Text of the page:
The gunshot rocked Hutch just enough that he stumbled backwards through a pothole. He fell back against the wall, shoulders hitting first, head bouncing off the brick. He heard another shot from somewhere as he slid down the wall and then everything went dark for a moment. When he opened his eyes again Starsky’s face was hovering over him, eyes all pupil with an old fear.
“I thought you were dead . . .”
For a moment he wondered which Hutch he was. His eyes slowly scanned the dark alley. No, there was glass. Last time, there was glass.
His eyes returned to his partner’s face and then fell, heavy under the weight of Starsky’s concern.
“’Sokay. Vest caught it.”
He felt Starsky’s fumbling search for surety, the slow drain of adrenaline as he found it. It hurt to breathe, the weight against his chest too familiar, and he drifted for a moment, remembering the scent of antiseptic and desperation. He took another breath. Starsky’s hand was in his hair.
He opened his eyes and looked up, wondered which Starsky this was. The tiny lines around his partner’s eyes shocked him into the present, made his chest throb harder. He coughed and the lines of concern deepened.
God, Starsky was getting older, would someday be old, then gone forever. It didn’t matter what Hutch did, what sacrifices he made. In the end he would still lose.
His hand moved of its own volition, pulled Starsky close, bumping their foreheads together. He closed his eyes, took another breath. Starsky smelled like gunpowder and fear and he was so damn familiar and Hutch was so tired of hurting.
He tilted his head, just a little, to feel the soft drag of Starsky’s lips against his, the stilling panic in his breath. Hutch pulled away, watching sudden wonder move across his partner’s face, the kindling glow in the coals of his eyes. Starsky started to move toward him again and Hutch watched as his own hand rose to stop him, brushed softly across the fear-bitten lips, dropped down to rest a moment over his heart. Hutch closed his eyes and let his head fall back against the wall. It hurt. He took another breath.
He felt more than heard Starsky move away to direct the uniforms that had finally arrived. The sounds of their voices echoed strangely in his head, muffled and without meaning, like people talking outside the oxygen tent. Had he come unstuck in time like that guy in the Vonnegut story? Would he open his eyes to find himself back in that damned Italian restaurant, or on the roof watching Starsky’s last chance for survival disappear in a flash of gunfire? Or was this some fever dream and he was still sick with the plague?
He was suddenly afraid to open his eyes. Afraid that he’d only dreamed the last three weeks, dreamed of waking up to an exhausted Starsky smile, dreamed that kiss with Judith, right under the too-indulgent eyes of his partner. If he opened his eyes, what would he see: cubic nurses behind creased plastic sheets; shadow figures staring through the window, watching him die; the relentless, fluorescent glare of artificial day?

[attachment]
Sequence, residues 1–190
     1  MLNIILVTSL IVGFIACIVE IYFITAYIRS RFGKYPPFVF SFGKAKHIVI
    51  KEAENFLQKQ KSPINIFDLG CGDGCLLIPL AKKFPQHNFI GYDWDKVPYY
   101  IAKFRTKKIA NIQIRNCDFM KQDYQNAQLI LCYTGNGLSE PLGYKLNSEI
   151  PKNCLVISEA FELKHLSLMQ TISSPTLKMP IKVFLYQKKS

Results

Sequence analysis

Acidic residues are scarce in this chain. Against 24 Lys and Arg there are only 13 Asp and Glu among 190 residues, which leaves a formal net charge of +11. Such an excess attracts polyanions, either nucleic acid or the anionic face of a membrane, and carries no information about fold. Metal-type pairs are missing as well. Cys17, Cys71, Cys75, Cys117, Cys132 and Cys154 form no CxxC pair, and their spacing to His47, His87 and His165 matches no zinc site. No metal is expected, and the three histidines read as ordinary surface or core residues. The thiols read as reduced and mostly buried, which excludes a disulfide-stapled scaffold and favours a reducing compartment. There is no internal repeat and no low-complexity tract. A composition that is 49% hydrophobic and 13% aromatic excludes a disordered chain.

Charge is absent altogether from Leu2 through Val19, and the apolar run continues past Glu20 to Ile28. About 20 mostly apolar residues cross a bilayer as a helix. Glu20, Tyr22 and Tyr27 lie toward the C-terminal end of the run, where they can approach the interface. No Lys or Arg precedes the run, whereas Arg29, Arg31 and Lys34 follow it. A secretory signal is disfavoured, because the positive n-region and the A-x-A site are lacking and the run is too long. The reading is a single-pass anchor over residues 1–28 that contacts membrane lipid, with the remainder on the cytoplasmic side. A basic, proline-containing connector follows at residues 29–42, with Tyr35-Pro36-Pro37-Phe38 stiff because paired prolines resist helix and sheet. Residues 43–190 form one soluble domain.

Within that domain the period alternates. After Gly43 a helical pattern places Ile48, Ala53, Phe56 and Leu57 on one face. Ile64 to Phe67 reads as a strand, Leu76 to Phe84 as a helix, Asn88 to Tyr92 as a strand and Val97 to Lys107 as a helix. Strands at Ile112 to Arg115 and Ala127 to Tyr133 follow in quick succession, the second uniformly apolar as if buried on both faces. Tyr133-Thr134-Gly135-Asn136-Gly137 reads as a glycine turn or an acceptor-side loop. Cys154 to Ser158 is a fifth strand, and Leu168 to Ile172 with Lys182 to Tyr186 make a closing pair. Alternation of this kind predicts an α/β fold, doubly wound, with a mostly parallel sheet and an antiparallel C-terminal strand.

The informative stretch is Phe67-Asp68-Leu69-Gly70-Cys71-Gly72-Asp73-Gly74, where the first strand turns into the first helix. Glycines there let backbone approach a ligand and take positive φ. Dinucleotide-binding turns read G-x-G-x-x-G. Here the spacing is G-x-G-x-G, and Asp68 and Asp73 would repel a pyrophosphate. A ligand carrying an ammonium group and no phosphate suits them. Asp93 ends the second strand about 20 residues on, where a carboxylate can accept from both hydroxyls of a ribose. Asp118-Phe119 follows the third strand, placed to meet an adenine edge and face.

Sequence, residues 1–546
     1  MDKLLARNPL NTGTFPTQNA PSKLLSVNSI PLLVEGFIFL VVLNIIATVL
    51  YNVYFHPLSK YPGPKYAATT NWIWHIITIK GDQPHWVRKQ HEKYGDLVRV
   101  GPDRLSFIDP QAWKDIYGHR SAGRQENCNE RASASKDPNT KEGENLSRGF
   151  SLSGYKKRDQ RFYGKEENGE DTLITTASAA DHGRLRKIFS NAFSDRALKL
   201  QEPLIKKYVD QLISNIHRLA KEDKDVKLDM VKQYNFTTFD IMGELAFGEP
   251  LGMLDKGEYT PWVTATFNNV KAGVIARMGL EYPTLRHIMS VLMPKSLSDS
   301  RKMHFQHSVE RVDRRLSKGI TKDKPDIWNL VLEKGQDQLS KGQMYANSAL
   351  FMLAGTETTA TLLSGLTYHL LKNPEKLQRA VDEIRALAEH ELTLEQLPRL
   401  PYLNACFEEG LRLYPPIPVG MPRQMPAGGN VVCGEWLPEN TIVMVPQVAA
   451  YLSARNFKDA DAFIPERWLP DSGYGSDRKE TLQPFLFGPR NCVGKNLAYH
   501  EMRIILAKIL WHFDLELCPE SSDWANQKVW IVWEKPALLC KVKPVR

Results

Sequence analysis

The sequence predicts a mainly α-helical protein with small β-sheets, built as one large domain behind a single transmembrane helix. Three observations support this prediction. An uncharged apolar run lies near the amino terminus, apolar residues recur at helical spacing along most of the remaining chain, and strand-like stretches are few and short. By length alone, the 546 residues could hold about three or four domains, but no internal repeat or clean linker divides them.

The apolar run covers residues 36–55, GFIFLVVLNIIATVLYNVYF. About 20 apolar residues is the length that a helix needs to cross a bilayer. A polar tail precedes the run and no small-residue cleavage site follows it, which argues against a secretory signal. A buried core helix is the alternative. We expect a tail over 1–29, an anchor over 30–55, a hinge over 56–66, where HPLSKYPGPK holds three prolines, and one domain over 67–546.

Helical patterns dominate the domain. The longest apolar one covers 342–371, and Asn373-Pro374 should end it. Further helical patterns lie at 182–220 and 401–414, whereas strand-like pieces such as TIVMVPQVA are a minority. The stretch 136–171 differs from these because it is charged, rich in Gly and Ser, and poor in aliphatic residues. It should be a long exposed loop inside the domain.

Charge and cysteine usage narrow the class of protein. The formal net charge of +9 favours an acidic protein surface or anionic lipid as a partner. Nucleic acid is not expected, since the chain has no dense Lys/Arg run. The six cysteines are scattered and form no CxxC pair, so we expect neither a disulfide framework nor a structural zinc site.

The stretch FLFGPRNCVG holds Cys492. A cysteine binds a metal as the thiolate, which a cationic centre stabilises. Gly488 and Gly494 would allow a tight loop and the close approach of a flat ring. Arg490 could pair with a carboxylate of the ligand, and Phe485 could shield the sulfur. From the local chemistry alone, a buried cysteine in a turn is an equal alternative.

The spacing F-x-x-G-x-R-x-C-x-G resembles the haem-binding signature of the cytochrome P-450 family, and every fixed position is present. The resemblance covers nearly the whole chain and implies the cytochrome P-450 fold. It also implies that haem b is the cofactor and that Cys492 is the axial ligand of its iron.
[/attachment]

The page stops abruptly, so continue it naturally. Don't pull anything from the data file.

No. It’s dark. We’re in the dark.
“Right here, Hutch.” Starsky’s hand found his wrist, circled it.
“Yeah,” Starsky tightened his hold. “Still in the alley. Hang on. Paramedics are coming.”
Hutch’s eyes snapped open. “No hospital.”
“Hutch you’ve probably got a concussion, at least . . .”
“Hutch . . .”
“No Starsky. I’m not going back to the damned hospital. I’ll be fine.” Hutch started to get up. Shouldn’t have been lying around while there was work to do, anyway.
“Hutch . . .” Starsky wouldn’t let him up.
“I mean it, Starsky. Now let me up.”
“Hutch, would you shut the hell up and sit still for a damned minute!” Starsky took a deep breath and scrubbed his hands across his face.
“Okay, look. Let the paramedics take a look at you, at least. Then we’ll decide.”
“Starsk, please. I really don’t want to go back there. I just got out, for Christ’s sake.”
“Exactly. You just got out. Dammit, Hutch!” Starsky pulled at his own hair. “You’ve only been back on the street for what, two whole days after almost fucking dying on me? And then you just had to be the one to call this turkey out? What the fuck are you doing? It’s like you’re trying to make sure you go first or something.”
“Hey! You flipped the coin, partner. And I was wearing a vest, wasn’t I? And it wasn’t my fault I got sick, either. How the hell was I supposed to know Jake had the fucking plague?”
Starsky just looked at him.
Hutch looked down and realized his hand was still wrapped around his gun. He blinked at it for a moment. It seemed heavier than usual when he finally lifted it. He put it in its holster. It was hard to let go. His left hand worked on rubbing the stiffness out of his right.
“This thing with us. It’s already too late. Isn’t it?” He didn’t look up.
“No way to go back now.”
Hutch sighed. “And all this fighting I’ve been doing is just completely useless, isn’t it.”
“The problem is . . .” Something caught in Hutch’s chest and he took another careful breath. “The problem is you actually see me.”
He dared to look up and Starsky was right there. Just as he always was, unflinching honesty looking back at him.
“Yeah, Hutch. I see you.”
“And you’re still here.”
“You’re a damned fool.”
“Maybe.” Starsky put his own gun away. “Still not going anywhere.”
Suddenly, there were more sirens and controlled, frantic movements. There were strange hands on him and small bright lights shining in his eyes. He closed them.
“I mean it, Starsk. No hospital.”
Starsky’s hand was resting on his shoulder. “We’ll see, partner. We’ll see.”